DL: I think artists have to be vulnerable. There are artists who put up armor and they are great artists, and they do wonderful work, but in some way they don’t even realize they’re being vulnerable. They’re letting us in, even if they think they’re not. You have to be out there–if not consciously, then unconsciously. For art to happen, somehow you have to put yourself out there and open yourself up. You have to let others look inside.
RK: When you started doing homoerotic photographs, was it a challenge for you to show them to the world? To be that open? To be that vulnerable?
DL: Well, it paralleled my life. In a way, I used the pictures to make myself come out.
RK: You found it easier to come out in your work rather than saying, “I am gay”?
DL: It’s what I could do, could manage at the time. I felt the need to make photographs about male sexuality, which is what I was interested in, obsessed with, if you want to say that. It was my focus then, the crisis in my life.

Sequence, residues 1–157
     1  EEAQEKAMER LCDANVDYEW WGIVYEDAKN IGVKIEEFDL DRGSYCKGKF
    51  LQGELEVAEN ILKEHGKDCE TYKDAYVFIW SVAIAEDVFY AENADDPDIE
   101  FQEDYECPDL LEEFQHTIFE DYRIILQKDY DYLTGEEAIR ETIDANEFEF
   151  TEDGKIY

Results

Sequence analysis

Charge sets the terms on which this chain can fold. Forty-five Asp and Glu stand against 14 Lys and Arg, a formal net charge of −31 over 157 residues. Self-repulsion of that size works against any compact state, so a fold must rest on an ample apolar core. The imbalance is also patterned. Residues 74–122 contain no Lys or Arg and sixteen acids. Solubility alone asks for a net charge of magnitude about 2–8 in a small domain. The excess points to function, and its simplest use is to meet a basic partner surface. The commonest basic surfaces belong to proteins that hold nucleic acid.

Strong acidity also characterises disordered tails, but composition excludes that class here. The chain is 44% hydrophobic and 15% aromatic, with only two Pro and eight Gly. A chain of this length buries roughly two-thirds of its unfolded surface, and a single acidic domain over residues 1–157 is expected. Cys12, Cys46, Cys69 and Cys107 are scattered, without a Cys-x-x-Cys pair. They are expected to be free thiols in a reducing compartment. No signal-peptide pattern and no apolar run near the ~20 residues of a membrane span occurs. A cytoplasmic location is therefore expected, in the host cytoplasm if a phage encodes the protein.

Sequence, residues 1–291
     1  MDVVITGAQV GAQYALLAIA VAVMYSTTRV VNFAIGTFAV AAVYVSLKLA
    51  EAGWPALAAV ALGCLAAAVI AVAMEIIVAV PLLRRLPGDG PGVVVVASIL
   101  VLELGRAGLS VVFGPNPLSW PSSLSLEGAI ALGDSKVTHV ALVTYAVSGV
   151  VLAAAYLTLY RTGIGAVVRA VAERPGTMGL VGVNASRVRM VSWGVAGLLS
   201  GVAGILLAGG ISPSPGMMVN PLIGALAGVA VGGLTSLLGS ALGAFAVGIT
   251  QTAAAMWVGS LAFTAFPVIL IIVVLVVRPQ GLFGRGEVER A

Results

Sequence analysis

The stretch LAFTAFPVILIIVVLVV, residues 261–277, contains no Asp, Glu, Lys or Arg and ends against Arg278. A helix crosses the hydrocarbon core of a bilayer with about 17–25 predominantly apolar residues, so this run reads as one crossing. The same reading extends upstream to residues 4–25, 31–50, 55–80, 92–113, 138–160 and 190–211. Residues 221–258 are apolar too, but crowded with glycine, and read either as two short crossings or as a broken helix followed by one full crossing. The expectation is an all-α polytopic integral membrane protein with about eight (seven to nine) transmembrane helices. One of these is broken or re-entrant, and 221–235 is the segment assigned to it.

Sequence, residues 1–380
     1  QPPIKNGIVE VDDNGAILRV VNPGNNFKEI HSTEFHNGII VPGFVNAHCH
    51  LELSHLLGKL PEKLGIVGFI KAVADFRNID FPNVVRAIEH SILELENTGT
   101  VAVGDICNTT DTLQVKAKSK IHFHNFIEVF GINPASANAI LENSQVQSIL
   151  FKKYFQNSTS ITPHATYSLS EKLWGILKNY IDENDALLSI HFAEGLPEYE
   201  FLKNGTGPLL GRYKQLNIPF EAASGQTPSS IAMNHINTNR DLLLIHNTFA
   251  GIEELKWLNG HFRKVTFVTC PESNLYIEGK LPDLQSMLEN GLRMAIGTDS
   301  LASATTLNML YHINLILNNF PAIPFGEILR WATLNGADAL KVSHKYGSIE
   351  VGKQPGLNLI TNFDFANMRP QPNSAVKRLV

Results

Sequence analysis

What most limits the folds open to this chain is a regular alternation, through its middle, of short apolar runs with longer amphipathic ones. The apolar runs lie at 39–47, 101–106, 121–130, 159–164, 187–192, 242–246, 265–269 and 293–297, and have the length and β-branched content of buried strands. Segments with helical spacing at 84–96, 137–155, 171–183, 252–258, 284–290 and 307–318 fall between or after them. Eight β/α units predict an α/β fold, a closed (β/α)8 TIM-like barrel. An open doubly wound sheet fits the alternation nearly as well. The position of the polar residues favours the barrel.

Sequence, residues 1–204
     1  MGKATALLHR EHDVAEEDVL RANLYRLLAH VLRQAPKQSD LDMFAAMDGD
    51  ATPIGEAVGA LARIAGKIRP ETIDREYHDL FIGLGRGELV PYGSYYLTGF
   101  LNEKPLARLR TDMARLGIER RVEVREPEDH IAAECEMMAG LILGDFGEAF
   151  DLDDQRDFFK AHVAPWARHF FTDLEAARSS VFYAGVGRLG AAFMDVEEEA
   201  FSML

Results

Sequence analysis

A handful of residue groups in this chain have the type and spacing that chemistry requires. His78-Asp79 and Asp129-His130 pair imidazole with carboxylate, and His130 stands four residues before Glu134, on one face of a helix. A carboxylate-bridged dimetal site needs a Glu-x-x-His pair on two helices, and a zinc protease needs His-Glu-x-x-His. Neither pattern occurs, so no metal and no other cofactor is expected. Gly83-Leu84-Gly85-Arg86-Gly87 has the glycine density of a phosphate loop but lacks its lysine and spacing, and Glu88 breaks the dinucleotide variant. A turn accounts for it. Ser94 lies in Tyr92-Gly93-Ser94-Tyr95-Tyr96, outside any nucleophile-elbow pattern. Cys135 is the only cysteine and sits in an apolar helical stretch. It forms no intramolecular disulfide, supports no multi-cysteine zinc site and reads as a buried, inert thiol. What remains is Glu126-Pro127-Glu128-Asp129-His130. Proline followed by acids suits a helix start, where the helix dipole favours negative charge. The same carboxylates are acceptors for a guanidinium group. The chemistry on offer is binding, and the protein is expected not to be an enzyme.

RK: Let’s put this in context, what year was it and how old were you?
DL: …I guess I started doing homoerotic work right after college, 1970. I was twenty-two. By the mid-seventies, the need was more pressing. The pictures became more open over a period of five or six years. I kept feeling the need to make the art, and I was still a little afraid to. Eventually, I started making it thinking I didn’t have to show it, but of course once it was made, showing it seemed like the thing to do. Besides, it seemed cowardly not to. And then I felt that politically it was the thing to do. I do believe the phrase “silence equals death,” which wasn’t around at that time, but I think the way to be effective on a personal level politically is by living your life the way you believe things should be. For me, that meant being open and honest about being gay–not being ashamed, not hiding.